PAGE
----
Rock goes live on the Internet

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The Independent Online
DAVID LISTER

Arts Correspondent

An open-air rock concert on the banks of the Clyde in Glasgow is to be the first British concert transmitted on the Internet.

The landmark linking of live performance and new technology will give the concert a potential audience of 25 million around the world.

More importantly, it will test the effectiveness and quality of the Internet for transmitting a live performance, and gauge the numbers of people prepared to sit in front of their computer screens to see and hear the bands.

The multi-media concert, called Stormy Waters, will take place in Glasgow on 21 and 22 July. It will feature the new-wave bands Plaid, Autechre and Sativa Drummers. As well as live performance, there will be large screens - suspended on dockyard cranes above the river - showing images sent from digital artists around the world via the Internet.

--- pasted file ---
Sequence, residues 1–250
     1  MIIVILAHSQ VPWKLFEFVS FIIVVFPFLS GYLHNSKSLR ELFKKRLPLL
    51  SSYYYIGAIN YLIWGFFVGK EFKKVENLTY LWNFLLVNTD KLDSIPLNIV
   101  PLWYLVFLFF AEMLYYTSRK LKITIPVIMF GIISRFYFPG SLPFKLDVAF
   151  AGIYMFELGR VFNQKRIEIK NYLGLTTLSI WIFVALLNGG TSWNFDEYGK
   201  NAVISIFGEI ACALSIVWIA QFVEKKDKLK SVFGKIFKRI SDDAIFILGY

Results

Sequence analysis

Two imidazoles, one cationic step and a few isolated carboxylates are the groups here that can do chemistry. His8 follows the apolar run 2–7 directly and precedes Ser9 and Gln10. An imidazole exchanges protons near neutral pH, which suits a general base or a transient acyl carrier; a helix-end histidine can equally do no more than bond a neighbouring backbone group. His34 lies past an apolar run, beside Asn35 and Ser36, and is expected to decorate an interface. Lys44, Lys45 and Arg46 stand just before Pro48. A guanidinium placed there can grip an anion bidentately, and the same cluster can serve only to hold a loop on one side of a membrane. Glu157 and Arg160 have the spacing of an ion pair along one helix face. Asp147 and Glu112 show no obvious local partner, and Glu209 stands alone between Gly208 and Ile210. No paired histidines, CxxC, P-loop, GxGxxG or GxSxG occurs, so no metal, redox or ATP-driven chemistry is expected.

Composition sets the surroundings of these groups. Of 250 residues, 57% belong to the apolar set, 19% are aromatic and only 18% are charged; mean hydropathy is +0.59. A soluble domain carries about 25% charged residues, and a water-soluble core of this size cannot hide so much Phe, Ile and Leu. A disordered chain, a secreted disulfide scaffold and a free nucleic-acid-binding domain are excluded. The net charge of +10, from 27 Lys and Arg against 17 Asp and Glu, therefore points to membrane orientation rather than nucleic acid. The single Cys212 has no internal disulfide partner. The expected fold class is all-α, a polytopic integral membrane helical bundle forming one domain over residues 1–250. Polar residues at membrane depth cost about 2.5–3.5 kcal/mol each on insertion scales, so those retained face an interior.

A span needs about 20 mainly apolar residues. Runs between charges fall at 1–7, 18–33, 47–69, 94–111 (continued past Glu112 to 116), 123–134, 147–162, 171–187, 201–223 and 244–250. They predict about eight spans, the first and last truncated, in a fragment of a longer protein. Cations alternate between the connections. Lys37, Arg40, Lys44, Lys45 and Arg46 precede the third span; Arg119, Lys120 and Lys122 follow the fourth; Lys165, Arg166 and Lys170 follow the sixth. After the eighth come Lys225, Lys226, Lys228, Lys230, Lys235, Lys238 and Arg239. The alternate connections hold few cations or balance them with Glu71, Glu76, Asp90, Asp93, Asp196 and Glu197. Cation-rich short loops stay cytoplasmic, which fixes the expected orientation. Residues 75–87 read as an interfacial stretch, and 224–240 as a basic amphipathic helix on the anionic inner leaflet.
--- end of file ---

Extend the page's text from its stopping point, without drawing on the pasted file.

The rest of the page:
The Internet transmission of the show and the transmission of images from digital artists is being co-ordinated at Glasgow University. From a unit in the university buildings, digitised pictures from around the world will be transferred to a vantage point on a tower of the university, where the signals will be routed on to a radio transmitter dish and beamed over Glasgow to the concert site.

Meanwhile, audio and video of the Stormy Waters event will be digitised on site and beamed back to the university, where it will be multicast on the global Internet to computer screens around the world.

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